Cybersecurity consultancy Secure Forte has committed to providing free cyber assessments for not-for-profits affected by COVID-19 in a bid to give back to particularly vulnerable organisations.
The business, founded last year by former Content Security chief executive Louis Abdilla and colleague Mani Amini, has been working with Child Abuse Prevention Service, which recently took the provider up on its free-assessment offering.
The Child Abuse Prevention Service, or CAPS as it's known in-house, was founded in 1973 and is the oldest child abuse prevention organisation in Australia. It’s programs provide parenting advice and skills to help people respond to the needs of children before unfortunate circumstances emerge.
One of CAPS’ key services is to run protective behaviours programs in childcare organisations, which educate children about safe and unsafe feelings and how to seek help if needed. Parents are also taught about the early warning signs of a child suffering abuse, as well as how to protect them and file reports.
Faced with funding losses and reduced capability to deliver its programs, CAPS chief executive Reegan Barber said the pandemic was hitting charities when they were needed most.
“It's tragic in that the need for our work has been heightened during the pandemic especially with kids being taken out of childcare,” Barber said. “Childcare workers are the eyes and ears of the child protection system, so with more kids at home and out of sight it's very hard to recognise and track abuse as it happens.
“Based on everything I’ve read, reporting to the child protection hotline in New South Wales is down, which is not a good thing. We don’t want under-reporting when it comes to child abuse, and this has all happened at the same time as COVID-19 has impacted charities.”
When lockdown and social distancing measures came into play, CAPS could not longer get in front of classrooms to deliver its programs. On top of that, while primarily funded by the Department of NSW and Justice, CAPS relies on grants it applies for as well as donations and fundraising, all of which have dried up thanks to the pandemic.
“For a lot of charities, fundraising has just gone off a cliff, and we’re certainly impacted by the closure of community grants programs which are relied upon; grants funding is down about 50 percent from where it was last year,” he said.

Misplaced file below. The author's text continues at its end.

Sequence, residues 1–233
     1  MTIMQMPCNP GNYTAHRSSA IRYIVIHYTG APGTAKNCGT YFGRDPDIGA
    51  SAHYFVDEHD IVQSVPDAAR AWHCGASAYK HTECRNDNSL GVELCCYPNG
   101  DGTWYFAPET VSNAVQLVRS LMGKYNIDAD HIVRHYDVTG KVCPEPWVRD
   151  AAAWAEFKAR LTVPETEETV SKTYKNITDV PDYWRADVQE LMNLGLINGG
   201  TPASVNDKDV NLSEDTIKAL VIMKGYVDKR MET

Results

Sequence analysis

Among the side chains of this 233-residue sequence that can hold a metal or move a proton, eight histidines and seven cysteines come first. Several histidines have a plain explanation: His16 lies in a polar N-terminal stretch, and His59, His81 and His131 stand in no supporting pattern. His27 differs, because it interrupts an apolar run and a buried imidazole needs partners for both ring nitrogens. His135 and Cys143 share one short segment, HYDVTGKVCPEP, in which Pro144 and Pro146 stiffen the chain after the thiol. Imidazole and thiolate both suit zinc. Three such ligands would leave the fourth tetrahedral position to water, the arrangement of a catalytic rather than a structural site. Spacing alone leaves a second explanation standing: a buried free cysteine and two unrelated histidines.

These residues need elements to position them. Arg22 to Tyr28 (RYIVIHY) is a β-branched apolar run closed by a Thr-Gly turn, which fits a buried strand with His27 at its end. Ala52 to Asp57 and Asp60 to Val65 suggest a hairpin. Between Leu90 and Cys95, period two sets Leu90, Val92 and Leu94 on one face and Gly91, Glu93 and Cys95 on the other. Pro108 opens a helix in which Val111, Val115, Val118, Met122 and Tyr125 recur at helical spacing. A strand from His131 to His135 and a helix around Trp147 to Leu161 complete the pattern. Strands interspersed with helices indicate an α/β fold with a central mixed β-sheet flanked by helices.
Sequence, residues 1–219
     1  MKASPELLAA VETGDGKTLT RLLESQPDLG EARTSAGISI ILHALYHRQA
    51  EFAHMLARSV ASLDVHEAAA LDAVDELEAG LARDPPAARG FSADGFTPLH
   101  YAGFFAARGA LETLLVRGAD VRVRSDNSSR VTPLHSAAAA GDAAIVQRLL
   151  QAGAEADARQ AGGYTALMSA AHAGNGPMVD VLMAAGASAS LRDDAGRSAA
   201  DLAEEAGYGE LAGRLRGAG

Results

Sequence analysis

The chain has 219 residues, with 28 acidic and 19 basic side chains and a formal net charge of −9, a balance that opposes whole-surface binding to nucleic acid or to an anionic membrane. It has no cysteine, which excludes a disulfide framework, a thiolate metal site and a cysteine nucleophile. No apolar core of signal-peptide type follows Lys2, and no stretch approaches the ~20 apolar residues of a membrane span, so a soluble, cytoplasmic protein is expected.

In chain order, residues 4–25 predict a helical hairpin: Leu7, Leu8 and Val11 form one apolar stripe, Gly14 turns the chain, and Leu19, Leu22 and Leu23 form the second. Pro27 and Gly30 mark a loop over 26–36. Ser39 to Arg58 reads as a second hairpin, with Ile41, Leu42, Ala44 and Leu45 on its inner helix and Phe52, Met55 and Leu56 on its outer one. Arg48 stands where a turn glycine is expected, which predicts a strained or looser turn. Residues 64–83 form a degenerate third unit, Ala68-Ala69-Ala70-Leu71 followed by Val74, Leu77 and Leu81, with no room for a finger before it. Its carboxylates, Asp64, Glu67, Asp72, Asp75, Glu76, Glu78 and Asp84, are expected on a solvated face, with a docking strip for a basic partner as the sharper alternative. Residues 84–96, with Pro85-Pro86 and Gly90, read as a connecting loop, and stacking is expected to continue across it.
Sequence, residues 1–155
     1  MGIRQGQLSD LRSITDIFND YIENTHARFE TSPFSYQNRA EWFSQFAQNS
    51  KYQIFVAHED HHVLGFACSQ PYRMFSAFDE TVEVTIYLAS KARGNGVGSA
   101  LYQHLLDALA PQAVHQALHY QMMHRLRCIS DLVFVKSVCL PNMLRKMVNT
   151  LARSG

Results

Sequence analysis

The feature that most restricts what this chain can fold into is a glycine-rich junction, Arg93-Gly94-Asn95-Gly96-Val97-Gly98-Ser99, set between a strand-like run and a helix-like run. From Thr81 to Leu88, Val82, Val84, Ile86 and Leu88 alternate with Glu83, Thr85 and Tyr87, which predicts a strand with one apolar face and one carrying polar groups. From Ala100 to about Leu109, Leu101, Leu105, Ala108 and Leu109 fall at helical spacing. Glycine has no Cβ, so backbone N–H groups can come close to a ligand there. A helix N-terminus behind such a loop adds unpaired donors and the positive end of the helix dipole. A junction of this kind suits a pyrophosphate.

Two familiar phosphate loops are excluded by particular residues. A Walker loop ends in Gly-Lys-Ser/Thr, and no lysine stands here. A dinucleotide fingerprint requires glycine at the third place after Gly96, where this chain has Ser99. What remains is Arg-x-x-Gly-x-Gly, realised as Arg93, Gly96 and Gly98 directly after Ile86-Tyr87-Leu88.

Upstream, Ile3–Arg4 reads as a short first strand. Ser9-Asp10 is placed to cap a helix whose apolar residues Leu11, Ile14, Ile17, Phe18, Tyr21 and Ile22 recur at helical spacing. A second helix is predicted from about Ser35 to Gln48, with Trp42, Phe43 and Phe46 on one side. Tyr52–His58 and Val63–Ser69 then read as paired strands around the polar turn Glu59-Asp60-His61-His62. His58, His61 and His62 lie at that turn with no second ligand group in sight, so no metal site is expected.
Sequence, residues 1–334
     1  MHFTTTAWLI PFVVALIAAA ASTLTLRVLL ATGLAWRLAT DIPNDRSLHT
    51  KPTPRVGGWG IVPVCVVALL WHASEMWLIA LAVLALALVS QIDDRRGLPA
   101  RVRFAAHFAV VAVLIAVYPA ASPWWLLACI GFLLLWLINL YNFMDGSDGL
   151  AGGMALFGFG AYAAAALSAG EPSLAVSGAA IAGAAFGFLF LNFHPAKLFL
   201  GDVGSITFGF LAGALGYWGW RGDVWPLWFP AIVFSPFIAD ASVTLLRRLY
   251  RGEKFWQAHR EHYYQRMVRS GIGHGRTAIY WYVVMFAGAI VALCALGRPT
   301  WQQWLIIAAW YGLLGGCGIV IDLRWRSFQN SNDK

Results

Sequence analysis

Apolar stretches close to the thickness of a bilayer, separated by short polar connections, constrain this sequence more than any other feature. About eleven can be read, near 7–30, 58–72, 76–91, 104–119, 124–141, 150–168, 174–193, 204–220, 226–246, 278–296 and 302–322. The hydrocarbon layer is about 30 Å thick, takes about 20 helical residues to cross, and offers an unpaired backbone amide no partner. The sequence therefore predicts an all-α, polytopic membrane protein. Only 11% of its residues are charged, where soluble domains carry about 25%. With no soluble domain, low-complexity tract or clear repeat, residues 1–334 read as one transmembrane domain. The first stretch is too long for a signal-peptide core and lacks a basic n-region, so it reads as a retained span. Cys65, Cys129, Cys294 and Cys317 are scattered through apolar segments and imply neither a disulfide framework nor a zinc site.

Secure Forte’s Abdilla said the importance of cybersecurity in 2020 couldn’t be understated, with effects felt particularly harshly by community organisations
“There is so much going on with respect to cybersecurity right now,” Abdilla told CRN. “In Australia even before the pandemic we were dealing with the wildfires disaster. The government was totally absorbed by it, and now we are consumed by a pandemic. With so much energy and focus on these disasters, It’s the perfect time for cybercriminals or state-sponsored actors to attack.
As high-profile breaches have repeatedly made headlines in recent years, organisations are increasingly compelled to have highly resilient systems in place to avoid sensitive data leaking.
With CAPS also unable to get in front of classrooms in the traditional sense, like many other organisations in the world it started offering its services and courses online. It had also been auditing other child-facing organisations to ensure they were operating within accepted national standards and principles.
“It was that child-safety auditing work that we were doing that made me see a great opportunity to do the same for us from a cybersecurity perspective. So much of what every organisation does now, in terms of what photos they put online, for example, that needs to be assessed from a child safety perspective, which we also do,” Barber said.
Secure Forte’s Mani Amini said it’s in-house developed cloud assessment software generated a threat profile across an entire organisation.
“We have the capability because we have a platform that is intelligent, so rather than spending four weeks in a not-for-profit we can spend a couple of hours and provide a very accurate posture,” Amani said.
“The whole purpose of the software is to make it a business matter, the application gathers enough information about the business to generate a threat profile of the business, the risk exposure of the business. It looks at things like what the business is about, what is the context of this business and the data of this business. Based on that, the app provides an automated threat profile.
“The next part of the process is about collaboration, so we sit down having understood the context of the business. The application generates a set of story-based questions that are very easy to understand by the leadership team, they are not technical jargon, they are very business-oriented questions, presenting technical problems in a business manner.”
Collaborative discussions with the leadership team and collecting additional evidence-based data then helps Secure Forte’s solution come up with a relevant cybersecurity posture to adopt, which the provider can then advise their customer on how to go about implementing.
“It’s working really well because we have the chief executive on board as well as the head of finance and IT working together, understanding the risk for the organisation. At Secure Forte we identify all the risks in different areas of the organisation, we rate them and help the customer identify a mitigation strategy going forward,” Abdilla said.
“The really important thing about our application, I believe, is that it’s bringing the whole business together. Cyber is a business issue today, it's not just an IT problem and the more that the business owns it as a leadership team, the greater the likelihood of deterring issues going forward.
“Mani and I and the whole Secure Forte team have been really happy to help with CAPS and what they do is really important, which makes us feel really good about the work.”